The education farm has been introducing would-be farmers and gardeners to professional farm practices since 2011, said Jim Hankins, FEF executive director. But this new leasing opportunity takes the program a step further.
“During the winter, we offer two different multi-week education courses. One is six weeks and one is eight weeks. Our workshop series are primarily geared to prospective farmers and serious gardeners. So this is a natural step,” Hankins said.
The FEF Incubator Program is taking applications until March 1, and preference will be given to former students of the Northern Virginia Beginning Farmer program and military veterans. The four selected for the program will enroll in a one-year lease, renewable up to three years. The first year is free, and there will be a $100 lease fee for the second two years. While the education farm relies on volunteer labor, each of the incubator farms will be managed by the four farmers.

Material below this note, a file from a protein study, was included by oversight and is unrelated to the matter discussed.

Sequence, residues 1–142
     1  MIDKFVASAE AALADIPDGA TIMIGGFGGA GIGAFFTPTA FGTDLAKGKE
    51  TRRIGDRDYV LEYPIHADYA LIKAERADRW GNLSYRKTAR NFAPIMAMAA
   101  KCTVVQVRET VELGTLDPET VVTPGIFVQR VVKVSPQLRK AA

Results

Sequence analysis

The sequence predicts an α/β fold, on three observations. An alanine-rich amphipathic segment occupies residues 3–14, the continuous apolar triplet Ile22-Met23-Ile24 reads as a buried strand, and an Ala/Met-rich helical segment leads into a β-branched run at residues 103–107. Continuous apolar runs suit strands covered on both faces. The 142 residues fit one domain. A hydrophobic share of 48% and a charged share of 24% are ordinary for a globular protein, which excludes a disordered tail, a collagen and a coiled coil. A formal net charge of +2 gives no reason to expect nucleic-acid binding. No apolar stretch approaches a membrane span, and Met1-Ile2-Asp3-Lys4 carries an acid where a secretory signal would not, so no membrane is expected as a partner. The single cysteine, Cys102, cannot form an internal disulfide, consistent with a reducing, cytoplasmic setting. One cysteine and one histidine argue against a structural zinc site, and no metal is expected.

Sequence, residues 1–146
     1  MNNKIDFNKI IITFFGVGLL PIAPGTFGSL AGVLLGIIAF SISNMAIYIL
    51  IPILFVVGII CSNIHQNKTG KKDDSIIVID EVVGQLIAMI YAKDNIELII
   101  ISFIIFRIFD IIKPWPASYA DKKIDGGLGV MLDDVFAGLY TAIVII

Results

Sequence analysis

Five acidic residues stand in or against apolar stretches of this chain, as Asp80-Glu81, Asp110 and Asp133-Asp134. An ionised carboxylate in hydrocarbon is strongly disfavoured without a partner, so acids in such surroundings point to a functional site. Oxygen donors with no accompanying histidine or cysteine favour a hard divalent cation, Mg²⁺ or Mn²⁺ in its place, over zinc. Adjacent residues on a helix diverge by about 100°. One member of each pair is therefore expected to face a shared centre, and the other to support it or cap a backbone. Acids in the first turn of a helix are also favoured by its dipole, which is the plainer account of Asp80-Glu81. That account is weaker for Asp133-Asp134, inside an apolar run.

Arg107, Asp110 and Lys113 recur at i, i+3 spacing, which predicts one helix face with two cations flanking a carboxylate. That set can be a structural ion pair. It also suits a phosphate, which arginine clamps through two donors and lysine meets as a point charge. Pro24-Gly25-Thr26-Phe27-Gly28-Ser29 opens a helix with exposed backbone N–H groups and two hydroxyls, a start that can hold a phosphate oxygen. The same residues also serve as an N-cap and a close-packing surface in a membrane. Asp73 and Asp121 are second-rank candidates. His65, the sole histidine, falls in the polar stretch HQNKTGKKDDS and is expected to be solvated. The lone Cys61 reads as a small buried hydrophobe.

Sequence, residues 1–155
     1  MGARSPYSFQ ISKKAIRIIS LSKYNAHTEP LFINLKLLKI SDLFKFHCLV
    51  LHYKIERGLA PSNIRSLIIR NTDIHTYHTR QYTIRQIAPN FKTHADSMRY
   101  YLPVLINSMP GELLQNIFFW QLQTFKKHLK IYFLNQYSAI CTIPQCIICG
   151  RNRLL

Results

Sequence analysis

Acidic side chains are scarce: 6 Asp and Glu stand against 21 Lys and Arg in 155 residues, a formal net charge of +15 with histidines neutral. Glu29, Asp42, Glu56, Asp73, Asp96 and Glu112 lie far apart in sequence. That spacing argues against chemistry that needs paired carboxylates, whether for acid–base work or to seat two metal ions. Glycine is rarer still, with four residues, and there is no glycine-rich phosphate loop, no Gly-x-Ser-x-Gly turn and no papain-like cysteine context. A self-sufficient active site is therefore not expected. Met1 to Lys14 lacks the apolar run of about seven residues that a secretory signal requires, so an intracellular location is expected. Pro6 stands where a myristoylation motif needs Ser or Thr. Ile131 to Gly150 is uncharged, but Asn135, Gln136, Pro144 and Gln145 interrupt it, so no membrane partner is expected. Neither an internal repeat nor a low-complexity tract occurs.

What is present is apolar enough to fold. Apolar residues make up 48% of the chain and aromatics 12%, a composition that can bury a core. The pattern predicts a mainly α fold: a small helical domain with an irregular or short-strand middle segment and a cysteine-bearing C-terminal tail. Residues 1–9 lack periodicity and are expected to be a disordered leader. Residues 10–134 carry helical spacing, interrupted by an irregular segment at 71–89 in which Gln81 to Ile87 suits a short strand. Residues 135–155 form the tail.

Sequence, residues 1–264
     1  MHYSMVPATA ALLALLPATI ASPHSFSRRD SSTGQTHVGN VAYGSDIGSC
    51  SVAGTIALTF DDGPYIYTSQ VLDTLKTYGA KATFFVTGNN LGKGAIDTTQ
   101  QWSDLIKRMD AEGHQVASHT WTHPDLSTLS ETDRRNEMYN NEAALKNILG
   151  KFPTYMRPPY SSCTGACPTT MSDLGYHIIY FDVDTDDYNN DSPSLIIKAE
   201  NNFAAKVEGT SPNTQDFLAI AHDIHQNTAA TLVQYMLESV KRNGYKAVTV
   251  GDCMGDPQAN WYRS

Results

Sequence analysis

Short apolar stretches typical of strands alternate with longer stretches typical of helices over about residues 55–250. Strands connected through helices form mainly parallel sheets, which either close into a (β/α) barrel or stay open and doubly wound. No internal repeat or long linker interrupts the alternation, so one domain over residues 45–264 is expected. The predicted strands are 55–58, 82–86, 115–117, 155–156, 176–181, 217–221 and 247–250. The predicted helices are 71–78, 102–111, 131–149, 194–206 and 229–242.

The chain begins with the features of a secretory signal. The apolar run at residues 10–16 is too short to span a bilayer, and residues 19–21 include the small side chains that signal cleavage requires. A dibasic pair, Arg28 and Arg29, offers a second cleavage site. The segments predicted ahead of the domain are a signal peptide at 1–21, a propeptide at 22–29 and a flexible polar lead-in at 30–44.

“They are expected to try to market their crops,” Hankins said. “Business plans are a very important part of what they’re doing. We’ll ask first for the most basic level plan, and over the years they’re with us they’ll modify and improve them.
“Our hope is that by the time three years go by, they will be well-positioned to go into a lease agreement. A lot of landowners would love to have someone lease their property and farm it. But it’s a really tough proposition if you’re a rookie farmer.”
More details about the farm incubator program are available at beginningfarmers.org/small-farm-incubator-program-in-virginia/, and you can request an application form from Hankins at [email protected].
Located on part of an old dairy farm that was donated to the county, the Fauquier Education Farm is co-sponsored by the Fauquier County Farm Bureau, Virginia Cooperative Extension and a number of community partners. Last year the farm donated 60,867 pounds of fresh produce to area food banks.